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Stopping Traffic

In the past I’ve written about the fuel consumption of a person (about 300 mpg), and also why measuring fuel consumption in miles per gallon is the total inverse about what is sensible (it’s more a measure of fuel efficiency, not consumption).
Today I want to look into how much energy is wasted when cars have to, unnecessarily, stop.
We’ve all been there; you stand at a pedestrian crossing, push the button to cross, and patiently wait for the lights to change. Nothing happens.
Now, I’m not suggesting you are a jaywalker, but if you look both directions, and nothing is coming, then look again, how many times have you just crossed the road anyway?

Image: Kolby
The problem is that there is no way to cancel your request for the lights. Have you ever reached the other side to find the lights cycle as soon as you safely got there, then cars appear? You sheepishly skulk away, avoiding eye contact with the drivers (theoretically, if the lights would have changed the instant you pressed the button, it’s no different, but somehow it feels different because, if you had crossed without even attempting to press the button, this situation could have been avoided). How much energy has been wasted?

Wasted Energy

Stop lights are terrific ways to turn gasoline into heat and brake dust. When you are cruising in your car at highway speeds, the majority of your usable gasoline energy (that not just being lost as heat) is being used to punch you through the air and overcome air resistance (drag), with other forfeitures to overcome road resistance, gearing losses, and friction. When you slam on the brakes, however, your kinetic energy is quickly transferred into heat (assuming you are driving a car with an internal combustion engine. If you are driving one of those fancy electric or hybrid vehicles, your regenerative breaking may be scavenging as much of this energy as possible to convert back into electricity for your battery).
How much energy are we talking about? As a first approximation, let’s say a car weighs a metric tonne, and is travelling at 40 mph (around 18 m/s). Using the formula for kinetic energy of ½mv2 this equates to approximately 162 KJ of energy. This energy is lost, and through reciprocity, as a first order approximation, it will take this same amount of energy to get the car back up to speed again. There are 131,760 KJ of energy in a gallon of gasoline. Theoretically, an internal combustion engine might be able to convert 50% of this energy into forward motion, but practically, the actual efficiency is nearer 25% which means that it will take approximately 0.00492 of a gallon of fuel to get back up to speed (about 1/200th of a gallon or 19 cc). If the price of a gallon is $4.00 this equates to around $0.02 of waste. If you stopped four or five cars for your sojourn, this is about a dime.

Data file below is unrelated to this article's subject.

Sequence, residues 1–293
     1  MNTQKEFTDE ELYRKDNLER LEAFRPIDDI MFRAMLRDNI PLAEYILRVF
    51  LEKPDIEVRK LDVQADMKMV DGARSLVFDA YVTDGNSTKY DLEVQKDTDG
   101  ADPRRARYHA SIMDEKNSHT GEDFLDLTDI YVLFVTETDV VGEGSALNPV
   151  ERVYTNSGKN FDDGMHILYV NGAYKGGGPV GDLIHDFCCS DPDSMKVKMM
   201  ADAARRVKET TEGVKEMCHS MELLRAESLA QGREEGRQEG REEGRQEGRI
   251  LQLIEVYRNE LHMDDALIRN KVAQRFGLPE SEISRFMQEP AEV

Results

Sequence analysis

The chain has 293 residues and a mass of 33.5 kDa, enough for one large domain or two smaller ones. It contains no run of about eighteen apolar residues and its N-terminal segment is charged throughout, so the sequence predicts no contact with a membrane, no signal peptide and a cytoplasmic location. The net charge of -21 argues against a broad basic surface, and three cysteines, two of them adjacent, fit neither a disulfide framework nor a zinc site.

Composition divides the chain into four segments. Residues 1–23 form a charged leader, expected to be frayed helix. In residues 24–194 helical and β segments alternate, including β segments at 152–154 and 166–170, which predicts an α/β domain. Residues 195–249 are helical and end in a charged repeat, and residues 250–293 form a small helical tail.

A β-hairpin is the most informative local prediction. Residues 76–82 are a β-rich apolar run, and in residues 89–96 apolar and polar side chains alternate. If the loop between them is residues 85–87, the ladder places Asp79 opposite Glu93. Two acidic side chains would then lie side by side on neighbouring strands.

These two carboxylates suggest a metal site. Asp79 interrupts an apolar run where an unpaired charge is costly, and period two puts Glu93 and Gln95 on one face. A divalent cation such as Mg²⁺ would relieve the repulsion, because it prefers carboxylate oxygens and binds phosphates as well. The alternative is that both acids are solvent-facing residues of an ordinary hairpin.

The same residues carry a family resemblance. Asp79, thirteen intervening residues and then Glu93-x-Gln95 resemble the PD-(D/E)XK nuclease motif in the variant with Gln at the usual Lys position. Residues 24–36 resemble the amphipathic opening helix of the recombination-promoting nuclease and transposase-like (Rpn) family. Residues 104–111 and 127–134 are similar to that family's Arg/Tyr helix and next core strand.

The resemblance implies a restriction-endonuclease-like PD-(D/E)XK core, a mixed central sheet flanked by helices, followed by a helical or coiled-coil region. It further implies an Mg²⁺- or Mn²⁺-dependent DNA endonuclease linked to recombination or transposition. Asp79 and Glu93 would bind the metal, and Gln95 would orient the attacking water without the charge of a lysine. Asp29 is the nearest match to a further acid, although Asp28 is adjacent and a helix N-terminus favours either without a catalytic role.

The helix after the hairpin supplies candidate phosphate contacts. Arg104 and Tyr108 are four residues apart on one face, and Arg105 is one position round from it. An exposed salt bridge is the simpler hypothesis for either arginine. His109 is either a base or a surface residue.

If you stop four or five cars to cross the street, it costs about $0.10 in wasted energy

Illusion of Control

Have you ever mashed a crosswalk button and been convinced it’s not actually doing anything to expedite the cycling of the lights to facilitate your crossing? Actually you are probably right! It’s been estimated that only about 10% of these buttons are actually connected (and even then, only during less busy time windows).
In New York City, only about 10% of cross walk buttons are actually connected.
Why? Well, modern traffic control management systems are pretty sophisticated organisms, monitoring thousands of parameters to allow smooth tidal flow of traffic over large, tightly connected, regions. Signal changes needed to be coordinated and synchronized to stop bottlenecks, pressure waves of traffic, and other unexpected side-effect consequences downstream of actions of your crossing request. An unexpected pause, on demand, at one location might be a proverbial butterfly wing flap that has catastrophic chaotic consequences elsewhere. Pushing the button might placate you, illuminate the ‘wait’ lights, and trigger the audio cues to assist disabled people navigating, but will probably not accelerate the time it takes the lights to change.
Cross walk buttons are not the only perpetrators of this deception. Elevator ‘door close’ buttons also have placebo functionality (unless specifically enabled by the building or firefighter overrides), and the doors will not close any faster if you push the button than just wait.
It’s not unheard of for thermostats in certain locations to have similarly Svengali functionality; giving you the illusion of control, when in reality they are buffering, throttling, or overriding your demands in the interests of a bigger picture.

Self driving cars

Of course, as the number of self-driving cars increases, there is a a good chance that this technology will turn pedestrians into jerks.